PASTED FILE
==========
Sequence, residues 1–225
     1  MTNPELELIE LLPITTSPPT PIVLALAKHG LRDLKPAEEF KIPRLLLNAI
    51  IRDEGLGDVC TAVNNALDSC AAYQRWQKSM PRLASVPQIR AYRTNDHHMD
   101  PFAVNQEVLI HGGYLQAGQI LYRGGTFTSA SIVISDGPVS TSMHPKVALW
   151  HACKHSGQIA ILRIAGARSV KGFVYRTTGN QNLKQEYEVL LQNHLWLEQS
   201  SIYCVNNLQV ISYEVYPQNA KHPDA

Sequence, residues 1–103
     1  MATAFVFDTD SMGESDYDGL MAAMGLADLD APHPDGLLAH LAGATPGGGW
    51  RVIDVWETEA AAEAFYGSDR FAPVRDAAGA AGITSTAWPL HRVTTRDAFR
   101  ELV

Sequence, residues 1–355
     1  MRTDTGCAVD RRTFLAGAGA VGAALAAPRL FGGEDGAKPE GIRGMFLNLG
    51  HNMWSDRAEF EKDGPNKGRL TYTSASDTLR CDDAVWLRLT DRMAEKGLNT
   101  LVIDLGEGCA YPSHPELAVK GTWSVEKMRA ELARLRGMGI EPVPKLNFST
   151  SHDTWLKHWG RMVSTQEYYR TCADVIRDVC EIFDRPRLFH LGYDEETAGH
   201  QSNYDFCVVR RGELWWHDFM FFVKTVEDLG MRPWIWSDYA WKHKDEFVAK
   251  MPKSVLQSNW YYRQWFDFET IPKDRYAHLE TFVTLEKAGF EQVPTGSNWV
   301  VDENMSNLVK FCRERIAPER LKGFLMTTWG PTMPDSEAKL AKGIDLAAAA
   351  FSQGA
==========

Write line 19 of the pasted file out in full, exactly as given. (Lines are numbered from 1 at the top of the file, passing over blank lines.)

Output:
   351  FSQGA